Letter to the Mexican Embassy in London from the UK Zapatista Solidarity Network

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A government which kills its youth is a government which kills its country

London, United Kingdom, 2 November 2014

Mexican Embassy in London
42 Hertford Street Mayfair
London W1J 7JR
United Kingdom

Ambassador Diego Gómez Pickering,
Regarding the letter that we handed in on October 2nd of this year to the Consul Aníbal Gómez Toledo, concerning the 43 students that are, until the present date, disappeared, the 6 further people murdered and the 20 people wounded between the 26th and 27th of September in Iguala, Guerrero, we wish to inform you that, already, one month has passed without any response on your part.

During our visit to the Embassy, the Consul Gómez Toledo assured us that it is a constitutional right to obtain a response from you. Nonetheless, we have received only three emails containing similar information, which we understand as an automized format that simply lists supposed actions that the government of Mexico is taking for the clarification of the events that have taken place. At no point do these emails respond to the specific questions in our letter; on the contrary, they only attempt to deviate attention away from the fundamental problem that we highlight: the evident involvement of the Mexican government in these crimes.

In your emails, figures are provided of a number of detained police officers who were formally sent to prison, and more that were interrogated; nonetheless, no mention is made of the chain of orders that must have been involved for this killing and kidnapping of students to have happened with such absolute impunity. The criminal police operatives must necessarily have acted with the assurance that their superiors would protect them. Faced with this situation, what guarantees does the government offer that an act of such atrocious violence as this will not happen again?

As we expressed in our previous letter, enforced disappearances are a crime against humanity that is committed every day, until the whereabouts of the victim are revealed; that is, enforced disappearance is a continuous crime that the Mexican government has been committing since 1969, when the first enforced disappearances are noted and denounced, and which it perpetuates today with new disappearances. Furthermore, the government has acted to evade the international search protocols in the case of the 43 disappeared normalistas, in which it is stipulated that the first strategy in the search should be the search for life. Decades ago, the Mexican government should have guaranteed the right that this crime not be repeated, and it has failed to do so.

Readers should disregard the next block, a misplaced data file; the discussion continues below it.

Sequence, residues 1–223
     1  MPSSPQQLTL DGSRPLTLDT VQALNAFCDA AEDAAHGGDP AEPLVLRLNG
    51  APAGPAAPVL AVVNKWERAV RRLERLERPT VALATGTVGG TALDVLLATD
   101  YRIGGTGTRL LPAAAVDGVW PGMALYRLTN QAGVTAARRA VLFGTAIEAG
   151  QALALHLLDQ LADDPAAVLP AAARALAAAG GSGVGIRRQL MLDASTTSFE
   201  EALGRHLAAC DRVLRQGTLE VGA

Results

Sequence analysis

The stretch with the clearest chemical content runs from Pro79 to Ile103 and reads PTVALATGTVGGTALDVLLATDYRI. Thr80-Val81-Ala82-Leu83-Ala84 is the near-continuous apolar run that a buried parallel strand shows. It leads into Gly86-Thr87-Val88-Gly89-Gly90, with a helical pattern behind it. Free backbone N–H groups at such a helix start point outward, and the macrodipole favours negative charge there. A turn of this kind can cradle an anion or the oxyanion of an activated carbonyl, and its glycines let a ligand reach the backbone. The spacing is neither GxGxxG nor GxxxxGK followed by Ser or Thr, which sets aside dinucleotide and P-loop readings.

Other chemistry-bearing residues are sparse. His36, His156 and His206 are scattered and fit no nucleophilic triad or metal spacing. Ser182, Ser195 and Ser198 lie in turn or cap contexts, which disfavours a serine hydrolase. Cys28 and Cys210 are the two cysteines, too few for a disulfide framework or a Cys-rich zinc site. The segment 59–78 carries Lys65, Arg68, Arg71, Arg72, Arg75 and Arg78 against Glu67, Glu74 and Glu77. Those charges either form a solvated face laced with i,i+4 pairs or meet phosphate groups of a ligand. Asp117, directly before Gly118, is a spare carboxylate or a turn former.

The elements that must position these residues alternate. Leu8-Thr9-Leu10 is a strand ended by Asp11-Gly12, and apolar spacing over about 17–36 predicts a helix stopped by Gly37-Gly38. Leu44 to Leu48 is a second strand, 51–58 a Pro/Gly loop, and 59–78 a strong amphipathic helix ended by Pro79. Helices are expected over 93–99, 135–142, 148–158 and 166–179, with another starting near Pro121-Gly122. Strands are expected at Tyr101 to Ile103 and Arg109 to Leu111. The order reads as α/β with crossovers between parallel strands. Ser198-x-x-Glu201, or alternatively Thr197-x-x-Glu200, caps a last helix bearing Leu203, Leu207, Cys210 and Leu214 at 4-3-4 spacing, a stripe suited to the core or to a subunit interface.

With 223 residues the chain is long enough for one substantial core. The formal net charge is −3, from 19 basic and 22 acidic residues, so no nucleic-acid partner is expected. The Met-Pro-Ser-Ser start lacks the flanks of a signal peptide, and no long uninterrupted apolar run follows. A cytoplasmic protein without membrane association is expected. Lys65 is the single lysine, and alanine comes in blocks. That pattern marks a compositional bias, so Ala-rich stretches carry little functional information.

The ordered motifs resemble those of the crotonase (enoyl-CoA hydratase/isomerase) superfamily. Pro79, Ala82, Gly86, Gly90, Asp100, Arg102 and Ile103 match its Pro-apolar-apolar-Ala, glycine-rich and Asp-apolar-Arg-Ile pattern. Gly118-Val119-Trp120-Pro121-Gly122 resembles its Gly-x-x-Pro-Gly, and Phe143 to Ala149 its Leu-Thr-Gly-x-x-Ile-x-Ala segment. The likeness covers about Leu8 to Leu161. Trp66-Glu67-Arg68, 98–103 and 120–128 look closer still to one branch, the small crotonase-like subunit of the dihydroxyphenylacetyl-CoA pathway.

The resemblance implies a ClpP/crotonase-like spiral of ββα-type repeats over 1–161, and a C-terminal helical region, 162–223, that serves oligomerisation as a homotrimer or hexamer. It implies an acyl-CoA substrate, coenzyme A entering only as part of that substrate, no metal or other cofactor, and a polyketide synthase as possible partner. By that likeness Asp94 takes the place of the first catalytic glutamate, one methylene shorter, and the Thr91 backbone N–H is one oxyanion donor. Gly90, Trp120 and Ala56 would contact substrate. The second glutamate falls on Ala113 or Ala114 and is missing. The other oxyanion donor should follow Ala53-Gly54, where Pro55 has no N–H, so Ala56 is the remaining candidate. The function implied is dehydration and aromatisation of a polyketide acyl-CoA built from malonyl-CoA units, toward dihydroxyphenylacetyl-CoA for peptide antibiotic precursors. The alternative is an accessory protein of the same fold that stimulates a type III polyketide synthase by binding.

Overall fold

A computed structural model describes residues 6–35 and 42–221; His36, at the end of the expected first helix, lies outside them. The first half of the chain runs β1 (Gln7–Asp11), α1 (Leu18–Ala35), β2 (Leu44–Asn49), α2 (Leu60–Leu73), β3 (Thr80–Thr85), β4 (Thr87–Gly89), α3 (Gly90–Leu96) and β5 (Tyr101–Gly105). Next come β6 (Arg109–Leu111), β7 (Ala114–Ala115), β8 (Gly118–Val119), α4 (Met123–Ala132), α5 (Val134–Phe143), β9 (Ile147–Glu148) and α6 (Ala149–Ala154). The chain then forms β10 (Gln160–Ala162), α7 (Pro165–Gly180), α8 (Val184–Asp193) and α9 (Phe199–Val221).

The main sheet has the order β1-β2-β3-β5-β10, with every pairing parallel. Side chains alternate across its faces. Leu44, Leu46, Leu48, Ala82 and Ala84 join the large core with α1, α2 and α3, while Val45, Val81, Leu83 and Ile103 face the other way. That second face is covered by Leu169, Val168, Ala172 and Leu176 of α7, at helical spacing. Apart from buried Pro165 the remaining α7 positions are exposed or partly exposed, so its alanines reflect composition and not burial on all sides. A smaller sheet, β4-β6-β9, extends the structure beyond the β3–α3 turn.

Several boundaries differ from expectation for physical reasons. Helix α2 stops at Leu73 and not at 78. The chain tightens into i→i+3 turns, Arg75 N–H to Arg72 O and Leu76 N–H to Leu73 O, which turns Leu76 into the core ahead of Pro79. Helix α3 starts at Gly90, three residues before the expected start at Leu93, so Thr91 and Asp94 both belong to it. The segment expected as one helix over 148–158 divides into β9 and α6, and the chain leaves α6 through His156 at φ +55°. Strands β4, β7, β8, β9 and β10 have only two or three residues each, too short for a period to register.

It concerns us enormously that recent news from the Normal Rural de Ayotzinapa should have to do with the fact that the Mexican State is seeking to criminalize the very students that have disappeared, absurdly trying to link them with organized crime. We know that the students are not criminals; they are young people with scarce resources who have decided to persevere with their studies to then be teachers of the most needed people in Mexico. We know this, and so too do the people that, from all corners of the planet, have demonstrated for the life of the 43 disappeared normalistas. The strategy of victimizing them and of blaming organized crime will fail, since the culpable party for their disappearance is the State itself.

In recent weeks, numerous organizations and individuals of diverse nationalities who live in the United Kingdom have approached us to ask us what is happening in Mexico. As we do, they also ask themselves how it is that in a supposedly democratic country, 43 young people may be disappeared, more than 20 wounded, and 6 murdered, by the police. We have had to explain to them that this happens in a country in which the government works not for the people, but for its own interests, and in which the lives of the most poor mean little for those in power; that this crime is possible in a country whose federal institutions have created an atmosphere of absolute impunity concerning violations of human rights.

As we told you in the letter that we handed to the Consul one month ago, this is a historic moment. The days that have passed since the disappearance of the 43 normalista students have proven us right. Thousands of people in Mexico, and in the lengths and breadths of the Earth, have demonstrated their outrage at what is happening in Mexico. Today, the eyes of the world are on the government for which you work. Today, that government can present an example to the world, returning alive those 43 disappeared students, judging and punishing the chain of command responsible for these crimes, guaranteeing the protection of all those people against enforced disappearance of people. Each day that the Mexican government spends manufacturing an image of a Mexico in peace and security, without treating the problems at their roots, is one day more that the government continues violating human rights.

In our previous letter we asked you: What will you do, as representative of the government, to ensure that Mexico stops violating human rights and effectively becomes in reality the country whose image you sell to potential investors? We hope that, this time, you do not avoid the topic, and provide us with a response.
Awaiting your reply,

UK Zapatista Solidarity Network:
Dorset Chiapas Solidarity Group
Edinburgh Chiapas Solidarity Group
Kiptik (Bristol)
London Mexico Solidarity Group
Manchester Zapatista Collective
UK Zapatista Learning and Teaching Collective
UK Zapatista Translation Service
Zapatista Solidarity Group – Essex
YoSoy132London
correo

Embamex Reino Unido

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